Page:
A Foray among the Funguses
In the Forest of Dean
From the Transactions of the Woolhope Naturalists’ Field Club.
THE FUNGUS FORAYS, 1888.
ON Monday evening, October 1st, the visitors slowly concentrated themselves at the Speech House, in the Forest of Dean, and were met on the fallowing morning in the Forest, or afterwards at the Hotel, by the Hereford contingent. Cold it might be, for some of the party swept the snow from the grass into their hands at about 10 a.m.: but it was clear and bright. As for the fungi, truly they were few and far between, the oldest excursionist venturing the opinion that it was the worst prospect of a fungus foray which the Woolhope Club ever experienced, bad as it was in the previous year. The ground was moist enough, it is true, but so cold, that only on the sunniest slopes could the commonest species be found, and even these were scarce and scattered. 'Whether in anticipation of such a result, or from a combination of various circumstances, the company was much smaller than usual. It included Messrs. T. B. Acton, C. Bucknall, Dr. Carlyle, M. C. Cooke, T. Howse, W. Phillips, Rev. J. E. Vize, H. T. Wharton, in addition to the President, the President elect, and a few old Woolhopeans, who, under the guidance of the indefatigable II. C. Moore, had travelled by train from Hereford to Newnham-on-Severn, where they were met by carriages from the Speech House which deposited them at Danby Beeches. From Danby Beeches they walked to Blackpool Bridge, examined there the traces of the paving of the old Roman road, thence past Moseley Green Turnpike through the Spruce Fir Drive, finally, after a delightful walk of four miles, met the visitors at the Speech House Hotel, which party had made their excursion in a circuit at some distance from the Hotel.
No record was kept of the species observed, but nearly everything in moderately good condition found its way into the collecting baskets, and yet they were not full. Rarities and novelties were out of the question, and never, perhaps, were common species treated with so much care and consideration. Even Agaricus melleus and A. fascicularis were treated with respect; one gentleman actually took off his hat in the presence of almost the only specimen of A. rubescens encountered in the Forest. Last year Cantharelus aurantiacus was one of the commonest species, sometimes growing by hundreds, but this year not a single one could be found. There was no dearth of walking—naught but walking " on, on, for ever "—to stoop and pick up a fungus was an event, but, alas! it was seldom worth the trouble of stooping for. It was worthy of note, that although the large genus Agaricus contains some 700 British species, the number seen was singularly few, the proportion being very far less than in most other genera, whilst, in the number of individuals, Lactarius and Russula exceeded it. Coprinus was seen but once or twice, and all the species of Cortinarius were extremely rare. Dinner at the Speech House Hotel, and a careful scrutiny of all the baskets, with the inevitable " nightcaps," ended the first day.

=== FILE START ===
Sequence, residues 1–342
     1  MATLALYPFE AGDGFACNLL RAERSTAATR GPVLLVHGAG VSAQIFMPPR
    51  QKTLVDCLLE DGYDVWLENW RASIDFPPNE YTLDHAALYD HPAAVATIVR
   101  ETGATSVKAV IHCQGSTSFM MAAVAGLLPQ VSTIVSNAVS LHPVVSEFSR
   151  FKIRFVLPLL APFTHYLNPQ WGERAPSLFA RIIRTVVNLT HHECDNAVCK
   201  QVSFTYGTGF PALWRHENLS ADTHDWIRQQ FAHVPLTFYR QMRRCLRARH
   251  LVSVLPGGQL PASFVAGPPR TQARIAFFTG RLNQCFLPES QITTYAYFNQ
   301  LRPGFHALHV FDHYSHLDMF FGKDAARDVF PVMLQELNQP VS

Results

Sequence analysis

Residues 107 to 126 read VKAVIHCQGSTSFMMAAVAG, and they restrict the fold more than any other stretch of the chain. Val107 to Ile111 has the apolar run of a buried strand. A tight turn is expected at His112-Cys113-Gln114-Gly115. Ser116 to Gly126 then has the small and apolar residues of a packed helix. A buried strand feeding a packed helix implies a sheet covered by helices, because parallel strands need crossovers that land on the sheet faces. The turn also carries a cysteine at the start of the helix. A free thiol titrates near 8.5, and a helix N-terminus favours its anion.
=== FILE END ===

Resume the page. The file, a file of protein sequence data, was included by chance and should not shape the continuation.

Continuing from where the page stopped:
On the Wednesday the members proceeded by train to Park End, which proved so satisfactory last year; but here again they were doomed to disappointment, for although more prolific than any spot visited on the Tuesday, yet the best was very bad, nothing of interest being found except some very fine specimens of Russula integra, and a few Hygrophori. Strolling slowly back through devious ways to Speech House, soon after two o'clock, light refreshment and waggonettes carried the party a drive of eight miles to Newnham Station for Hereford, and completed the two memorable clays of fungus hunting in the Forest of Dean.
Like bears of the forest, in another corner of Europe, the fungi had retreated to the mountains, and would not be found.